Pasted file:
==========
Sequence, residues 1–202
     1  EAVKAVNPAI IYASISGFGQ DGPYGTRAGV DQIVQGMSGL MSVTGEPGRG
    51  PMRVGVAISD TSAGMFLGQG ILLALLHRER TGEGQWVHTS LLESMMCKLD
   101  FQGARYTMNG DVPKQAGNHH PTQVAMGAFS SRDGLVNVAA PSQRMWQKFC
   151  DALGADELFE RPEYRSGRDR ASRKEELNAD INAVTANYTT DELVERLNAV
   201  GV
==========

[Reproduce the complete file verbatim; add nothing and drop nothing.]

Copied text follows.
Sequence, residues 1–202
     1  EAVKAVNPAI IYASISGFGQ DGPYGTRAGV DQIVQGMSGL MSVTGEPGRG
    51  PMRVGVAISD TSAGMFLGQG ILLALLHRER TGEGQWVHTS LLESMMCKLD
   101  FQGARYTMNG DVPKQAGNHH PTQVAMGAFS SRDGLVNVAA PSQRMWQKFC
   151  DALGADELFE RPEYRSGRDR ASRKEELNAD INAVTANYTT DELVERLNAV
   201  GV